- Billionaire Ken Griffin’s Citadel created a bubble for interns at a resort in Kohler, Wisconsin, renting out the entire place.
- The firm had already been operating a bubble at Palm Beach’s Four Seasons hotel since early April for its Citadel Securities trading floor, and dozens of interns went to Florida for a month as well.
- Out of the firm’s 235-person intern class, roughly 100 spent a month in Wisconsin, while 35 went to Florida.
- “There is no substitute for in-person engagement during the pivotal decision point when your career is launching,” said Gerald Beeson, Citadel’s COO, in a statement to Business Insider.
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For every college student interning this summer, their plans were drastically changed from what they were originally promised thanks to the pandemic.
Big banks went all online. Many companies cancelled their programs altogether. Instead of moves to big cities, students stayed put in their parents’ home.
Except at Citadel and Citadel Securities.
Billionaire Ken Griffin’s $34 billion fund already made headlines when it set up a bubble in the Palm Beach Four Seasons for its Citadel Securities trading floor in April so market-makers wouldn’t have to go all virtual. But the firm went a step further with its intern class this year; the firm set up an additional bubble specifically so interns could have an in-person experience for the summer in Kohler, Wisconsin, at the American Club resort, where a standard room can cost $400 a night.
The timeline went as such: The firm’s 235-person intern class started virtually on June 15, and the 135 people who attended the in-person bubbles self-isolated in corporate housing in Chicago and New York for two weeks before the firm transported them to their respective bubbles on July 19. In Florida, the only interns in attendance worked for Citadel Securities, while the roughly 100 interns that went to Wisconsin worked across the firm’s different businesses.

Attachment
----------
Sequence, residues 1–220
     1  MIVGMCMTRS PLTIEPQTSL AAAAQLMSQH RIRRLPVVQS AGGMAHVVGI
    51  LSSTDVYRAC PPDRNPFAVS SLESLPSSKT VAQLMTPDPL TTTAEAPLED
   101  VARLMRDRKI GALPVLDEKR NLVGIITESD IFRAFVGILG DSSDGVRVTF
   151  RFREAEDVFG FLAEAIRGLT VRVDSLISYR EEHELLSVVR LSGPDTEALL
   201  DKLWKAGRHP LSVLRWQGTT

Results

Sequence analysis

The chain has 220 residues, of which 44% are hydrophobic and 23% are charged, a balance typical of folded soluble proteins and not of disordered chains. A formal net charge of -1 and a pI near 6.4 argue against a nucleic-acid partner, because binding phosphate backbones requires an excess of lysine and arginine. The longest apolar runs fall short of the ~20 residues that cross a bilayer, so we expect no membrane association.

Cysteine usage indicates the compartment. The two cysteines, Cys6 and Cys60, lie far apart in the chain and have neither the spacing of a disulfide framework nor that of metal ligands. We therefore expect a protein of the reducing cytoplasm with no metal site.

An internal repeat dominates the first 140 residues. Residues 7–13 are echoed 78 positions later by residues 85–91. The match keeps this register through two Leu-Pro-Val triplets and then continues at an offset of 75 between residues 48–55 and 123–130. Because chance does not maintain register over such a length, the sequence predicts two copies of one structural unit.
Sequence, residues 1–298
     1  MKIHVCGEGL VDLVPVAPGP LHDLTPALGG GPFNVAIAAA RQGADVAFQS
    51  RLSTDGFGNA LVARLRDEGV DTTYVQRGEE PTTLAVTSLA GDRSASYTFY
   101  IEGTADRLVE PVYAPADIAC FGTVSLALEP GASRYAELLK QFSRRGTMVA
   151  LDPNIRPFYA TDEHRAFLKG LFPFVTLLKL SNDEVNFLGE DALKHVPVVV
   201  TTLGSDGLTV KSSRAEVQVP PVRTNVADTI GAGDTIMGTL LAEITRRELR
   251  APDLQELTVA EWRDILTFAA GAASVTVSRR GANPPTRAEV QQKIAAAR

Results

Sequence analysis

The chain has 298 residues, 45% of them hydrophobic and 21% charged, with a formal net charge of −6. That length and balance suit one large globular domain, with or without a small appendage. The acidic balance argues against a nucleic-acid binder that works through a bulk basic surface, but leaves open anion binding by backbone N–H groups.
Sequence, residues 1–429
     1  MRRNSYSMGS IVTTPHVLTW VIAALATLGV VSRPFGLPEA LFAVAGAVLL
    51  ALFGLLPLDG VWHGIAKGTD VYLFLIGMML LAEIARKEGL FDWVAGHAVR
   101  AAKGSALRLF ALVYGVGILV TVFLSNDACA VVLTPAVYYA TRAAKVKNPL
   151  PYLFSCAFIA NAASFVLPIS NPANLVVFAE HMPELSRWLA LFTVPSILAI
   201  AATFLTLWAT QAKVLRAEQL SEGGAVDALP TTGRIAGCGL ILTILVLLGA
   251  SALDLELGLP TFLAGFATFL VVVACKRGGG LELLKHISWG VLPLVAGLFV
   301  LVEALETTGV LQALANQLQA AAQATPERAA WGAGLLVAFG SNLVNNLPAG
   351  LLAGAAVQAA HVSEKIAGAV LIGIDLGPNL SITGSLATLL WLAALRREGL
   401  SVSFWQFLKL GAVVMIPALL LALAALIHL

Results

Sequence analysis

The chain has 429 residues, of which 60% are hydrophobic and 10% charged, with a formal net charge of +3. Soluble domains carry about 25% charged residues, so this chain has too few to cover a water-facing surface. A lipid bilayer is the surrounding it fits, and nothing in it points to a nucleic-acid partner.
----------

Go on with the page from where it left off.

“There is no substitute for in-person engagement during the pivotal decision point when your career is launching — so we were determined to deliver a safe, immersive summer program enabling our interns to learn side-by-side with our extraordinary colleagues,” said Gerald Beeson, Citadel’s COO, in a statement to Business Insider.
Not all interns chose or were able to make it to the bubbles, due to personal preference, travel restrictions, or visa issues (those that could not make it to the bubbles continued their internships virtually). After self-isolating, interns were tested before entering the bubble and were able to get tested again while living there.
They then spent roughly a month in the bubbles, learning from full-time employees who were there. For Citadel Securities interns in Florida, their internship ended last Friday. For those in Wisconsin, their internship ended on Aug. 14. Both locations hosted Citadel founder Ken Griffin and Citadel Securities CEO Peng Zhao for talks.
The firm landed on the Wisconsin location due to its proximity to Chicago — it’s a little more than a two-hour drive from Citadel’s headquarters — as well as the rural surroundings, as the town of Kohler has a little over 2,000 people in it. Citadel naturally pumped a lot of resources into upgrading the resort’s technology infrastructure, as well as creating a 150-person workspace in the main ballroom, complete with company branding.